4. Gimme Context: Popoff positions his selections in the career of each band, including the book’s best feature, an interview quotation to accompany every song. Classic Material pulls back further, noting each album’s inspirations and heirs and, less often, its social causes and effects.

But only Heartaches blends chart info and studio anecdotes with thematic ideas — reflections on country’s ties to gospel, soul and rock, and its contradictory impulses around innovation and tradition as well as sin and redemption. That’s part of why its list should be shorter — to make room for more of the kind of complete anatomies it provides, for instance, for its unpredictable No. 1, Sammi Smith’s spicy 1970 version of Kris Kristofferson’s Help Me Make It Through the Night.

Heartaches builds a sturdy case for singles as the key Nashville product, while Popoff’s book would clearly have been better if it addressed albums rather than songs. (His next book, due in April, does just that.) Wang’s target is trickier — albums and tracks (and mixed tapes, as the cover image hints) matter about equally in hip-hop, a problem that might have been addressed by including more compilations.

3. Put Up Your Dukes: Lists are fighting words by nature, so the more polemic, the better. Every mini-essay in Heartaches makes a counterintuitive pass, whether claiming the Monkees for country history or that Charlie Rich’s seemingly schlocky The Most Beautiful Girl ranks alongside his honkytonk classics, not despite but because of the orchestra.

Too much of Classic Material is content to cheerlead, but there are deeper soundings, among them Elizabeth Mendez Berry’s challenges to Jay-Z and Eminem’s skillful cynicism, Jeff Chang’s take on the misunderstood Grandmaster Flash, or Hua Hsu on how the duo Black Star traced its generation’s path from idealism to disillusionment.

Popoff, meanwhile, is a fine describer (on Guns N’ Roses: “Paradise City’s seduction lies within its power surges, its pregnant pauses blown up by bursts of trepanning guitars, its actual jostling of correct time. Ends with a little Catskills soft-shoe”). But there’s hardly a point to be found.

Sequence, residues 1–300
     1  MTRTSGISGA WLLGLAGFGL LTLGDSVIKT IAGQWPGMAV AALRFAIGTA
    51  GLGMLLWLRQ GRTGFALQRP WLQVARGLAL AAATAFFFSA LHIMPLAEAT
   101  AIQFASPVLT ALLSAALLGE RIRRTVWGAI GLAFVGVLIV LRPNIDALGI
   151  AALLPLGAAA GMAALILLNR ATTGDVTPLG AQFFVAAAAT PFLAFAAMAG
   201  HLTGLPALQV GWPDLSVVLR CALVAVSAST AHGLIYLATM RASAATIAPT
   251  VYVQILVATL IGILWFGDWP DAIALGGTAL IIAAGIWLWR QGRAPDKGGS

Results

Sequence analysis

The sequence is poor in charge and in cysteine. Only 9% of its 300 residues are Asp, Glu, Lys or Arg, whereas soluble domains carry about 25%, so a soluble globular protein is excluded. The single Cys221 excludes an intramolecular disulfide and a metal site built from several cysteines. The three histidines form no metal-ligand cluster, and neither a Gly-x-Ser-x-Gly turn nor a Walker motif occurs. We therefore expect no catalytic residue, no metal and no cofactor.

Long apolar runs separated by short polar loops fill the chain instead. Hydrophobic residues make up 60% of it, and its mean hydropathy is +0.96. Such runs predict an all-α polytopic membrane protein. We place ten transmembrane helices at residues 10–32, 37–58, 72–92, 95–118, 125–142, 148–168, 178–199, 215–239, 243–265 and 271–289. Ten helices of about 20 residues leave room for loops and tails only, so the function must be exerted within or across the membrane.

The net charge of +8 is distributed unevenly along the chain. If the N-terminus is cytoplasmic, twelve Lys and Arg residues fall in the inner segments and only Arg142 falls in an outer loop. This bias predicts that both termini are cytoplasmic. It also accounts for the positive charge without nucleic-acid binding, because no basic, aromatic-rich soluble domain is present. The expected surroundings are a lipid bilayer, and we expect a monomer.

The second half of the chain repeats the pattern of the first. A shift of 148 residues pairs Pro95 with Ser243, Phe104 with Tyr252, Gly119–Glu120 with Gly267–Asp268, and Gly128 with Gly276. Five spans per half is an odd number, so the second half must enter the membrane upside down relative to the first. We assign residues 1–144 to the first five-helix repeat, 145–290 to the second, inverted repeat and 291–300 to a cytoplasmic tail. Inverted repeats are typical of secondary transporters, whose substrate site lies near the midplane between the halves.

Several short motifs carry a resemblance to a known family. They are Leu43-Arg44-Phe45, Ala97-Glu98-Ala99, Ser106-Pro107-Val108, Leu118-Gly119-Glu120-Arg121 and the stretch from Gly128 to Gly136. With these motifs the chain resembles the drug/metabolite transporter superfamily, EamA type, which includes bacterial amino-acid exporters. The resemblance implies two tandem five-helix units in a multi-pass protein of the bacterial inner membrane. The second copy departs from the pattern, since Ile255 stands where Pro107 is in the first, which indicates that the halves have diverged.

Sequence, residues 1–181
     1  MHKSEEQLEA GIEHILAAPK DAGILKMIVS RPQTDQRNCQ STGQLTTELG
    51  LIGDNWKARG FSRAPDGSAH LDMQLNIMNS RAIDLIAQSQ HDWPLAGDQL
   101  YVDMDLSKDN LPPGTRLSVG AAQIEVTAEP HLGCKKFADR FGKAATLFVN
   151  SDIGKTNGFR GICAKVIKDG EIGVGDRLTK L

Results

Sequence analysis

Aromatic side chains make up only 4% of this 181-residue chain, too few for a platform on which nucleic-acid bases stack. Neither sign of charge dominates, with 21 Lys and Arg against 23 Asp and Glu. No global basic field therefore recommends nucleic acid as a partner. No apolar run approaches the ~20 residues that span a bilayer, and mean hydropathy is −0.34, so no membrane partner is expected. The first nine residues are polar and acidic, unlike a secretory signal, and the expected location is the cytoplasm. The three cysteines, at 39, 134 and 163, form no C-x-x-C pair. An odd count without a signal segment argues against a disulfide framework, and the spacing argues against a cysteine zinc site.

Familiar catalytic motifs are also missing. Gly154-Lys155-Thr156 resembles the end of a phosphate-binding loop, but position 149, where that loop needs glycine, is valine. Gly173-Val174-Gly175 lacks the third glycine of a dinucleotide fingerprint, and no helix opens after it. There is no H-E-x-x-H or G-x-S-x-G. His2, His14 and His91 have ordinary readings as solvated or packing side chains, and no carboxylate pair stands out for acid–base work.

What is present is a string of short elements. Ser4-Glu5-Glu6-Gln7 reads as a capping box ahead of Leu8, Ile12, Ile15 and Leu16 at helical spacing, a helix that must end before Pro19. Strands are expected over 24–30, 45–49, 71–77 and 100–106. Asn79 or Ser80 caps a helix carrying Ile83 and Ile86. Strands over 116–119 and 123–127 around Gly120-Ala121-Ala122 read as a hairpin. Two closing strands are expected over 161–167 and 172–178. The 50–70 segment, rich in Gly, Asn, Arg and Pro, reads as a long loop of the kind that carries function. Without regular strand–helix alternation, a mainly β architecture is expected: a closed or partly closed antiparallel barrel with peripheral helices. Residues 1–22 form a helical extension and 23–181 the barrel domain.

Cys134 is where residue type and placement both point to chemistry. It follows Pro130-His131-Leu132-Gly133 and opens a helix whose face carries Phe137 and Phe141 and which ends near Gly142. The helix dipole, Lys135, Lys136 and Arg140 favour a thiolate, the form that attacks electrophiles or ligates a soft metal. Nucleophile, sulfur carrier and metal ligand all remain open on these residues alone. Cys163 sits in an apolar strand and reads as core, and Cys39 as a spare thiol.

2. Stretch the Limits: Great list writers warp canons by naming laureates no one even knew were nominated. Which is just one reason Popoff’s popularity poll pales next to 1991’s Stairway to Hell, in which critic Chuck Eddy makes a hilariously persuasive case that Miles Davis, Sonic Youth, Run DMC and Funkadelic count as heavy metal.

Heartaches is the stronger for ushering Chuck Berry, James Carr, Neil Young, Bruce Springsteen, Bing Crosby and (perhaps most controversially) Shania Twain into its big country tent, and not just for diversity’s sake: It’s part of the authors’ brief that there’s more country in pop and more pop (and soul) in country than either fans or detractors acknowledge. Listen closer, they show, and you’ll hear a richer story, not only about the music but about American culture, and human struggle.

Classic Material is understandably too self-conscious about its appointed role to be so daring, which just goes to show how stultifying canon-making can be.

1. “It’s a Book, Not a List”: Off the top, Cantwell and Friskics-Warren quote this motto from critic Dave Marsh’s The Heart of Rock & Soul: The 1001 Greatest Singles Ever Made (1989), and it’s their trump. Both graceful stylists, they ensure that their shared train of thought makes a stop in each entry — not to crowd out funny stories and emotional insights, but to keep up the pressure on received wisdom. It ensures you’ll never hear the Carter Family, Glen Campbell or even Elvis quite the same way again, and in the process vaults itself up high on any list of books on country music.

Classic Material doesn’t leave such a unified impression, but it’s more discerning and up-to-date than most listeners’ guides. Its high stylistic standards can only lead to better hip-hop criticism in its wake.

But except for the most passionate metal fan, sadly, Popoff’s herculean effort won’t be much more than a goofy bathroom read. It's not a book, just a list as thick as a brick in the wall.

Read More | The Writ | Posted by zoilus on Wednesday, March 17 at 4:58 PM | Linking Posts